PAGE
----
It is on this historical backdrop that the modern child welfare system was born. We know people who work in child welfare want to do well, want to help children and families, and want to do it in the best ways they know how. But in order to do that, the racist and classist foundation on which the present-day system is built must be acknowledged, and present-day decisions must be critiqued with this historical context in mind. For example, most children are removed from their families due to a blanket definition of neglect, which includes things like a lack of food, homelessness or unsafe living conditions, a lack of medical or mental health care, truancy, and so on. These are symptoms of living in poverty. Poverty is not abuse or neglect and yet we, as a society, allow our systems to treat a poor parent as though they are neglectful without ensuring they have the basic resources to succeed.

In the car metaphor, it only makes sense to get rid of the car and find whatever mode of transport will work best for you, something designed to meet your needs. The same is true for the current child welfare system.

Perhaps instead of dumping more money and more resources into a system that continues to uphold racist and classist ideals, we reimagine the child welfare system as something different. What does this mean? Well, it means shrinking the system dramatically and shoring up community supports, so struggling families can receive more than just a service plan and a program they are mandated to attend to simply check off a box. It means meaningfully addressing poverty and making sure there is timely and meaningful access to mental health supports, substance use treatment, and safety for families. It means being innovative and allowing youth and families to lead the design of new ideas. It means being relentless for children and families.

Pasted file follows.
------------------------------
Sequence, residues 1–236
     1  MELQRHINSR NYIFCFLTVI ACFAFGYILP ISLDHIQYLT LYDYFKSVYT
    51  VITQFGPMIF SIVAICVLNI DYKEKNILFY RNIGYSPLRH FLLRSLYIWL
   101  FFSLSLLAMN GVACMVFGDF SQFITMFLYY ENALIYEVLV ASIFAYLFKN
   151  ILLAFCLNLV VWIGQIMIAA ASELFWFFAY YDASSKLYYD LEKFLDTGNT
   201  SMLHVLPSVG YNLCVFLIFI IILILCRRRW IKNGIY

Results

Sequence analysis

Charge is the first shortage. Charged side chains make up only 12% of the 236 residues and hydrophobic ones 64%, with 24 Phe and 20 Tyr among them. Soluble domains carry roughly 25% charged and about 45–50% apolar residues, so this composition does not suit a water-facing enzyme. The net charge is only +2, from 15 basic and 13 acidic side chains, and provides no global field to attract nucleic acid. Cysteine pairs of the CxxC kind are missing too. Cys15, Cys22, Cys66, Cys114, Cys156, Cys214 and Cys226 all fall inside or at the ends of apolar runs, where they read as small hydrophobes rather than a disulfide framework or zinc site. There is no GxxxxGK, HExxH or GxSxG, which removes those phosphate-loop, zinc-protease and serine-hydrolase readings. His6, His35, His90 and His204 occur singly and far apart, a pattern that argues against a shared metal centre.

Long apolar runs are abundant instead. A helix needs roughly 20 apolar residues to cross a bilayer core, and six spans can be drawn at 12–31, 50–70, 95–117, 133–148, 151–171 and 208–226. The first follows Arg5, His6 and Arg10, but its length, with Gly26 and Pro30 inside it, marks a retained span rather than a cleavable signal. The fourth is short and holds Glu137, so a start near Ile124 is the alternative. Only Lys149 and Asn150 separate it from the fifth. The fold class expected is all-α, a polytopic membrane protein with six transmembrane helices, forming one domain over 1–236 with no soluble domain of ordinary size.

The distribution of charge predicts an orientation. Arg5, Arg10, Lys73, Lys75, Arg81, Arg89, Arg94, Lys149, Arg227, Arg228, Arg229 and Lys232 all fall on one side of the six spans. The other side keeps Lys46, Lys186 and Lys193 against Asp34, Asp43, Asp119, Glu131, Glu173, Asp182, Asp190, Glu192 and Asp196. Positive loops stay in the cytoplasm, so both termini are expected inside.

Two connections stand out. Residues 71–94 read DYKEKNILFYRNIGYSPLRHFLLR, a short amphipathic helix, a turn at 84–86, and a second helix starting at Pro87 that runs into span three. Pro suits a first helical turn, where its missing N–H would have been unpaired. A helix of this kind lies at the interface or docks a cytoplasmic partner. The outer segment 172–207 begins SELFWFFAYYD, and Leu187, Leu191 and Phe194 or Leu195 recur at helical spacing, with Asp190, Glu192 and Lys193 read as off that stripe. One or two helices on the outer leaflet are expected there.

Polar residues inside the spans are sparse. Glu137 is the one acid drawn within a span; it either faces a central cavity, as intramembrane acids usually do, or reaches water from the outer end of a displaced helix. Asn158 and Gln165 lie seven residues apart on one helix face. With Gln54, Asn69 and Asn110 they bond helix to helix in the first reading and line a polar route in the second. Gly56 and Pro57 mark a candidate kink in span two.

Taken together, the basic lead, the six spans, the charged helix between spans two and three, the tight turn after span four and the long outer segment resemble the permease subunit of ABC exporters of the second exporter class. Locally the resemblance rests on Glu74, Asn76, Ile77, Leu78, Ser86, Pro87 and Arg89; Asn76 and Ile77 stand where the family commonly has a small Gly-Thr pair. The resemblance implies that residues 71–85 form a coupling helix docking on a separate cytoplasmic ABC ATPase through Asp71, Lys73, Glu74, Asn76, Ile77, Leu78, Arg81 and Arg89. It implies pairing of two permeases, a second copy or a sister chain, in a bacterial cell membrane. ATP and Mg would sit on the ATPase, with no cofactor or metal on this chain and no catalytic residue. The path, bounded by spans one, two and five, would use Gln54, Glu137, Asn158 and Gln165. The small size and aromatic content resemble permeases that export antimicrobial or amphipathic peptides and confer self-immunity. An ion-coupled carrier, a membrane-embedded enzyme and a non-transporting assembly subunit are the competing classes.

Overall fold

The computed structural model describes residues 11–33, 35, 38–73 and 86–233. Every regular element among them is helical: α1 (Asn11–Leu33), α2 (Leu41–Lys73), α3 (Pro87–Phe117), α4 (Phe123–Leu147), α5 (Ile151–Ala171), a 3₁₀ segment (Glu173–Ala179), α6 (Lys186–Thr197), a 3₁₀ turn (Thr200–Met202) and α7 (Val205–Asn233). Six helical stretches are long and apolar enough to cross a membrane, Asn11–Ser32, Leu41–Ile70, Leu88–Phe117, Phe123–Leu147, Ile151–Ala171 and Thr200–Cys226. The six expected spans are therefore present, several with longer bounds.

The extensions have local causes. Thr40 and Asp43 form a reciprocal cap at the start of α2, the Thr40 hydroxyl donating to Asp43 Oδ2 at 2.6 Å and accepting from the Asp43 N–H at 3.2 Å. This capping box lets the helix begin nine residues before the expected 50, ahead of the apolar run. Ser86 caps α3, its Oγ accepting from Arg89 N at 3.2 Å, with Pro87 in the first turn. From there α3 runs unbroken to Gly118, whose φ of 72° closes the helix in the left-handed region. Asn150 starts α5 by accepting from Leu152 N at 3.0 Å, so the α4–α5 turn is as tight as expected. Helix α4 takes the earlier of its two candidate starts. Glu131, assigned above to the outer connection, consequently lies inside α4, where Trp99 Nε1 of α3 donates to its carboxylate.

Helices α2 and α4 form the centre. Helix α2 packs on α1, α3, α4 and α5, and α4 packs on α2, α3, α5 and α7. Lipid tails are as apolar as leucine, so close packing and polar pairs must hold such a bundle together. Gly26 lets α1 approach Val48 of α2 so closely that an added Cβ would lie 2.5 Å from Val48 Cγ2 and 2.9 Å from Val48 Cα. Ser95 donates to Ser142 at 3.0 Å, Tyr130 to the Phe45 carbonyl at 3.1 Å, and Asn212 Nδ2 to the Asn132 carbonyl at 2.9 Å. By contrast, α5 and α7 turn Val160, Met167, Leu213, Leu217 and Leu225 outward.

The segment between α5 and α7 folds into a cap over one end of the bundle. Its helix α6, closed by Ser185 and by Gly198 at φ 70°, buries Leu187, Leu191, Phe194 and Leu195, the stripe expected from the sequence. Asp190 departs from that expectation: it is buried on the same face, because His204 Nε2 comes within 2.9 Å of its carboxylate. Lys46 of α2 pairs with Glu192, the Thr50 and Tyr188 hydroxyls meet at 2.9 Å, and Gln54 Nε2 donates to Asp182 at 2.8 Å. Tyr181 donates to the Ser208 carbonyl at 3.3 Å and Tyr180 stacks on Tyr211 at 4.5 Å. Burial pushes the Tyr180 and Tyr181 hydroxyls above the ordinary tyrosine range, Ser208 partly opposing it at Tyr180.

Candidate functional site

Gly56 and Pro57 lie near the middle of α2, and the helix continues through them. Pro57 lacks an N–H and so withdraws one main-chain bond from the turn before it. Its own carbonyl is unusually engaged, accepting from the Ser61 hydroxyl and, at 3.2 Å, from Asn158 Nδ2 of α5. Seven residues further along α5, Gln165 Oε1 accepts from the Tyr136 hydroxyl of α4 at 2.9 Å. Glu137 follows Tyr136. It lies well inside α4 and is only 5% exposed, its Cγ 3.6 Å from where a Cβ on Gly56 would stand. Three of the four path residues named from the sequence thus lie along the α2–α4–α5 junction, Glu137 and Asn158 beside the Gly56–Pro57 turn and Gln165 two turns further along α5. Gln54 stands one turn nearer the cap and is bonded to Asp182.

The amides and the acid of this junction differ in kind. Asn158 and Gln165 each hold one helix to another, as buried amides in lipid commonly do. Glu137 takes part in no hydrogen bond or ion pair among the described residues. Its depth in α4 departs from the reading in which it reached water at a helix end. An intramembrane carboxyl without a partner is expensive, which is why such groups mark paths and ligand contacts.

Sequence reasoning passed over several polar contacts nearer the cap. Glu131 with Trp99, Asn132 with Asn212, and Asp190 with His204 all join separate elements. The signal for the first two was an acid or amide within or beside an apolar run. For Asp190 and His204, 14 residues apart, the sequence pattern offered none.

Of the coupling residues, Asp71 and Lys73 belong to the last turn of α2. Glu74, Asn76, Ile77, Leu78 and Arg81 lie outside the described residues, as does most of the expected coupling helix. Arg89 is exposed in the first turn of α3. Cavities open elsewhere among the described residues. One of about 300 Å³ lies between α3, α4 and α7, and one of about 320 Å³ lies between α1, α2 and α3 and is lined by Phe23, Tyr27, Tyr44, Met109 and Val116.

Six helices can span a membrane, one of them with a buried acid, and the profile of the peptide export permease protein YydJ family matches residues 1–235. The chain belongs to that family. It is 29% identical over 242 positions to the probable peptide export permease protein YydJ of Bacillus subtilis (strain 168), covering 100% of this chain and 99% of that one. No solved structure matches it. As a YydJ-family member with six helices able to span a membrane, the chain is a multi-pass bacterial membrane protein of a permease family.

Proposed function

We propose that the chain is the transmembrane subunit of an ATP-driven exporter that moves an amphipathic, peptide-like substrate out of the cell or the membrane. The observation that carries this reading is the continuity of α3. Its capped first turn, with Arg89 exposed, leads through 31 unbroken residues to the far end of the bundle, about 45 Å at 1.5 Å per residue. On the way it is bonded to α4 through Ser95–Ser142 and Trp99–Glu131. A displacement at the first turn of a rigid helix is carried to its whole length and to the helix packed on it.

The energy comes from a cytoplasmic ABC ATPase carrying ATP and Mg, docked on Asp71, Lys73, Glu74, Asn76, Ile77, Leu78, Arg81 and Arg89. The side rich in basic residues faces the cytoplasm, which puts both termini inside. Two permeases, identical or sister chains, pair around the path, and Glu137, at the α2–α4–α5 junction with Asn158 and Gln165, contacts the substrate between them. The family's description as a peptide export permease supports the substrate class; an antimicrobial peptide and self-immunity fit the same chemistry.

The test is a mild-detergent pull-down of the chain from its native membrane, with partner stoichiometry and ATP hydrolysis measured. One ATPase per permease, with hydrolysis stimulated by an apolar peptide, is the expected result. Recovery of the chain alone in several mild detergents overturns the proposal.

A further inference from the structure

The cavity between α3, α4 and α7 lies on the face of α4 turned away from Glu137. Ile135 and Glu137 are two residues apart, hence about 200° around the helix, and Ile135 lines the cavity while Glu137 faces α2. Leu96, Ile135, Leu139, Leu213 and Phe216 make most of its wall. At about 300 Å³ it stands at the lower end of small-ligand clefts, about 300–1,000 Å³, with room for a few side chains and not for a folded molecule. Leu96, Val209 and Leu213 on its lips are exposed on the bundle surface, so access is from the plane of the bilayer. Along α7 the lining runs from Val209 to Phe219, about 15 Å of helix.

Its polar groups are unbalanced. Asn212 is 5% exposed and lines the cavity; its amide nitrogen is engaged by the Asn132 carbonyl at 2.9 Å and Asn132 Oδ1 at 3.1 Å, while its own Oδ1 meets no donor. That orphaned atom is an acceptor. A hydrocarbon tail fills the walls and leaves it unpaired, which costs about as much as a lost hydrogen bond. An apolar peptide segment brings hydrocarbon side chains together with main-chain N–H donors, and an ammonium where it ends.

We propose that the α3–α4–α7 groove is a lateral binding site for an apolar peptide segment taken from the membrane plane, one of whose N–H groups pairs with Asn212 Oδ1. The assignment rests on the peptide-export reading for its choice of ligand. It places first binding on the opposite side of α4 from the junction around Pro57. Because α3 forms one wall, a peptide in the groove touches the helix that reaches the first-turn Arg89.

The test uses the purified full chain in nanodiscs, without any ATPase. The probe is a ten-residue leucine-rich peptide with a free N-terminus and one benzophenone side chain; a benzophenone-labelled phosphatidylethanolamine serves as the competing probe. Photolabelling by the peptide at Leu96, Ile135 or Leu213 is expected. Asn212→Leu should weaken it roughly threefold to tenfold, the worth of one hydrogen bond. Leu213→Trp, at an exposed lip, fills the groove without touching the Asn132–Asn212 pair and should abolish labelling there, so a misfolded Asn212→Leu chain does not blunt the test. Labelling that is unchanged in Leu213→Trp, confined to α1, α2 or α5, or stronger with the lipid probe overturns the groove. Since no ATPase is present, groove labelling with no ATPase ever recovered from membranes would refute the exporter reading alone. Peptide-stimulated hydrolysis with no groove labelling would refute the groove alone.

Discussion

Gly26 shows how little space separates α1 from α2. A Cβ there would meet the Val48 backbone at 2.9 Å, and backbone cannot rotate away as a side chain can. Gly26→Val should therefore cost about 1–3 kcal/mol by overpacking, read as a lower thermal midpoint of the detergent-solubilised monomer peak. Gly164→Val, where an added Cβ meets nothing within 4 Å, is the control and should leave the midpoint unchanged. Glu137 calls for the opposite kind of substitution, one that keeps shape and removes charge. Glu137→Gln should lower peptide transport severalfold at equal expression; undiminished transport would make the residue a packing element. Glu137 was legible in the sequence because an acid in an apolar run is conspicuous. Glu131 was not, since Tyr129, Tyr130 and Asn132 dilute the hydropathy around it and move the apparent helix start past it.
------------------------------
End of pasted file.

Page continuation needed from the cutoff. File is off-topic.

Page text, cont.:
If we are to be truly relentless for children and families, then we must be relentless in advocating against family separation. We must be relentless in demanding social systems that help families get out of poverty without blaming families for being poor. We must be relentless that proposed interventions do not further harm Black and Brown families and children. We must be relentless in demanding access to health care, safe housing, and healthy food for all. We must be relentless for building strong communities that support the well-being of all families and children.

To be relentless means, literally, "to show or promise no abatement of severity, intensity, strength, or pace." The time to be relentless for all children and families is now. We must.